NEW YORK (Reuters) -- U.S. automaker Chrysler Group LLC borrowed $6.2 billion to refinance high-cost government loans stemming from its 2009 bankruptcy restructuring, people familiar with the matter said today.
Chrysler borrowed $200 million more than its initial target. The company is operated by Italian automaker Fiat S.p.A.
Chrysler increased the amount of its first-lien term loan to $3 billion from $2.5 billion, the people said. The U.S. automaker's second-lien bonds were cut by $300 million to $3.2 billion.
Meanwhile, Chrysler's revolving credit facility has also been reduced to $1.3 billion from the initially planned $1.5 billion, the people said.
The term loan, bonds and about $1.3 billion in cash from Fiat will be used to repay about $7.5 billion in loans that Chrysler owes to the United States and Canada.
The government loans were part of Chrysler's 2009 bailout after a massive drop in auto sales pushed the company to the brink of collapse. Those loans bear high interest rates, which cost the company more than $1.2 billion last year.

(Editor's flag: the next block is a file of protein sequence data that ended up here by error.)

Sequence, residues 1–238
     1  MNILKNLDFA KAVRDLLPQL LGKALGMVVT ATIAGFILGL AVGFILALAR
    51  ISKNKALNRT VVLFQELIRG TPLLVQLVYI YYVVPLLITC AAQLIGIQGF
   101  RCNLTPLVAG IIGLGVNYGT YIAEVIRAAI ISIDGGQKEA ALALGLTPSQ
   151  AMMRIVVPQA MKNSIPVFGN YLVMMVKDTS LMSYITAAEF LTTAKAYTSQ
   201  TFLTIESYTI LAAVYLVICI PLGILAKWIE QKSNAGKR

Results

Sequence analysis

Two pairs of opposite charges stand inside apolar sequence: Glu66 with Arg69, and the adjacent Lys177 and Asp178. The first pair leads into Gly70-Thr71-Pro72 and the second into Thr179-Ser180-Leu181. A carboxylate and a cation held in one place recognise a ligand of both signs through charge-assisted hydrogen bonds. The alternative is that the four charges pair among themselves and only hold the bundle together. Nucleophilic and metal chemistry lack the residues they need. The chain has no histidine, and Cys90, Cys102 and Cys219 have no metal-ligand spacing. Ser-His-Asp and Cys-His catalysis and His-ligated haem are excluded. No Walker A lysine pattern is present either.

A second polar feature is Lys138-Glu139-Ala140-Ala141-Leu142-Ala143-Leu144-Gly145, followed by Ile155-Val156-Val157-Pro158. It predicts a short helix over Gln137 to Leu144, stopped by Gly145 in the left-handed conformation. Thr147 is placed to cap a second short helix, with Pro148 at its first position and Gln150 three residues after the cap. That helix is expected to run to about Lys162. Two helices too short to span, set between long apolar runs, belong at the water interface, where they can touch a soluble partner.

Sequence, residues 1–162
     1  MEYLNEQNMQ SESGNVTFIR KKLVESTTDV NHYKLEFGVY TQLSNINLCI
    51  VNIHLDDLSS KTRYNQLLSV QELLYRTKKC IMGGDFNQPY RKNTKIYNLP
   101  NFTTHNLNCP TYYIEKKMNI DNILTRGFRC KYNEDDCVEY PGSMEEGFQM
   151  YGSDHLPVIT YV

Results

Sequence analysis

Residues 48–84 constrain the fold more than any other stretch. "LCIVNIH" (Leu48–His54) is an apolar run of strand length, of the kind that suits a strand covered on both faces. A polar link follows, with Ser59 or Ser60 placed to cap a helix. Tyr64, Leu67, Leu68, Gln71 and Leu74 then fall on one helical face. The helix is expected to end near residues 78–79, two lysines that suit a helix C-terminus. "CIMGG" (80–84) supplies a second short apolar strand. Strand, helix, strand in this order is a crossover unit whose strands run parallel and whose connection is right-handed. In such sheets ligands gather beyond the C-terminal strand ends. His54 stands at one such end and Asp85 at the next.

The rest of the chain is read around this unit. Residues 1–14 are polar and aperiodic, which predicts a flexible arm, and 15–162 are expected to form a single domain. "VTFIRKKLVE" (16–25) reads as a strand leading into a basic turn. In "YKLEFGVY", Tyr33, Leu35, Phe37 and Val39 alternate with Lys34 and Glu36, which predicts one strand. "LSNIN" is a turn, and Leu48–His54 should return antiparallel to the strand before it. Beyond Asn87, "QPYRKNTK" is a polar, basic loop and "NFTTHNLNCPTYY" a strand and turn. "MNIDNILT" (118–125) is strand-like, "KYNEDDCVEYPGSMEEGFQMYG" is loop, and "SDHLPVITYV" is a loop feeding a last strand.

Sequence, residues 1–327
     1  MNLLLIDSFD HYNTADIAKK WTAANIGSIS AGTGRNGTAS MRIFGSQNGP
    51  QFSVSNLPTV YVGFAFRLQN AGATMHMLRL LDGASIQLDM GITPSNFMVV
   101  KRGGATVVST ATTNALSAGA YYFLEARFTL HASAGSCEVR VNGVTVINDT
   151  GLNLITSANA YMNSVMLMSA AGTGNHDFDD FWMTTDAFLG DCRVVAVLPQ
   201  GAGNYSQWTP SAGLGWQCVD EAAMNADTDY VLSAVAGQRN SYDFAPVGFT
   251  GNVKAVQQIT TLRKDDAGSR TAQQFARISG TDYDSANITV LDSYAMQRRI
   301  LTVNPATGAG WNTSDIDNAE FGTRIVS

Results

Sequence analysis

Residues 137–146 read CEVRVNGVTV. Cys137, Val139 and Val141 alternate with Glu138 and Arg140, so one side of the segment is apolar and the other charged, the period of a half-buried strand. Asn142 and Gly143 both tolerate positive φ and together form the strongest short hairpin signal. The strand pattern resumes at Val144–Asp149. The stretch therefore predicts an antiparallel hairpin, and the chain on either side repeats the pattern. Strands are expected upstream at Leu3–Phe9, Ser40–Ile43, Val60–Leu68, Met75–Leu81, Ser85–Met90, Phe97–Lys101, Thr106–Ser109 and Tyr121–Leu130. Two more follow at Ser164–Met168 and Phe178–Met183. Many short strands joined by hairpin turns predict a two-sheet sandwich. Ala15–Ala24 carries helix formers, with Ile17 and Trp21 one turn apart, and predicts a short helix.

The refinancing will help put the U.S. automaker on firmer financial ground as the company gears up for an initial public offering that could come as early as this year.
Chrysler declined to comment. The company emerged from bankruptcy nearly two years ago under Fiat's management.
Since then, Chrysler has overhauled its vehicle lineup and cut costs. So far the automaker has revamped 16 models and is developing new models that will move the company away from its traditionally truck-heavy lineup.